Monday, May 16, 2011

Chicago: Homewood Railroad Days right on track

SouthtownStar: Homewood Railroad Days right on track
Wind and rain couldn’t derail train enthusiasts from Homewood’s eighth annual Railroad Heritage Days on Saturday.

The chugging of wheels and sound of steam whistles could be heard throughout downtown in celebration of railway history and travel.

This year’s festival paid special tribute to the 75th anniversary of the Green Diamond: the Illinois Central Railroad’s first diesel-powered passenger train.

Event-goers were treated to various model train layouts, railroad memorabilia, slide shows and the show-stopping “Big Mo,” the world’s largest mobile model train railroad. The display included seven popular trains traveling along 400 feet of track through scenery ranging from waterfalls to winter parks, all under a fiber-optic star-studded sky replicating the constellations above the Nevada Desert. The entire layout was controlled by a mother board, the complexities of which evoked the circuitry of a space shuttle.

The attraction was a favorite for Gia Riney, 40, and her son Harrison, 5, who like many youngsters was on tip-toe to look at the design.

“We came out last year, and the kids really liked it. My grandfather was an engineer, so it’s part of the family,” Riney said. More modest model train layouts also proved exciting for attendees, particularly those that were hands-on. Joel Weber, of the ‘S’ Gaugers, whose 1950’s American Flyer model includes all original materials, was happy to allow visitors a feel for the model train experience.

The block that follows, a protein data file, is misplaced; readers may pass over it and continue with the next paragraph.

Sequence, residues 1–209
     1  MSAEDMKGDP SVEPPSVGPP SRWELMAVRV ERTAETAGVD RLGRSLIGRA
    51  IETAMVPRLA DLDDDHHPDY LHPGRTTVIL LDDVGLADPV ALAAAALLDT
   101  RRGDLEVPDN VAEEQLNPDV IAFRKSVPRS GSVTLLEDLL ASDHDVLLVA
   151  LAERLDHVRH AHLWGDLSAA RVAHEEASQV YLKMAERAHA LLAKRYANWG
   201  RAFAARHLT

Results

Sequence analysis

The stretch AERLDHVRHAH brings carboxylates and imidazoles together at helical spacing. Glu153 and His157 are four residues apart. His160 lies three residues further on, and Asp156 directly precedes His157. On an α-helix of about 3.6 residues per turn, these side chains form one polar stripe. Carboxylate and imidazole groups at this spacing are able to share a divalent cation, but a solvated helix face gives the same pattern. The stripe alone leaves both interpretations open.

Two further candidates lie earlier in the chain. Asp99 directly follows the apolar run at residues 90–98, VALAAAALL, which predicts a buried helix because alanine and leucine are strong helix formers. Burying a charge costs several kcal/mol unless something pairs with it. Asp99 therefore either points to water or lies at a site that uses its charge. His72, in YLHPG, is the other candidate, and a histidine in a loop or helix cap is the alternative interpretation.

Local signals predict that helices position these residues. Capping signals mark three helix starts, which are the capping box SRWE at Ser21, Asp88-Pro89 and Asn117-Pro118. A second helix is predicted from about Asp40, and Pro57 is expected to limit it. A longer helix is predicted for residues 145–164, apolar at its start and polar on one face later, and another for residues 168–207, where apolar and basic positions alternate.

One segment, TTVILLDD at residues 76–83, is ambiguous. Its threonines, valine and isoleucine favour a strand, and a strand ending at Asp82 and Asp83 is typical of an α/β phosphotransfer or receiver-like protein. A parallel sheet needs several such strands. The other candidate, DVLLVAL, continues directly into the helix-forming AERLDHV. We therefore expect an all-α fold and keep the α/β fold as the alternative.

“I brought this model so kids could see just how much fun you can have playing with these trains,” he said.

Sharon Gunderson, along with a handful of members of the Homewood Rail Committee, began the festival to generate an interest and appreciation in railroad history.

“We started out with some exhibits in the firehouse, and it grew from there,” Gunderson said.

The event now has spread to three more sites: the village complex, village auditorium and village hall. “We usually see anywhere from 800 to 1,000 visitors, and I would project that for this year,” Gunderson said. “All of our advertising is done for free. Our budget doesn’t allow for anything more.”

Still, the event continues to remain a favorite in the community.

“It’s been a real success,” Gunderson said.

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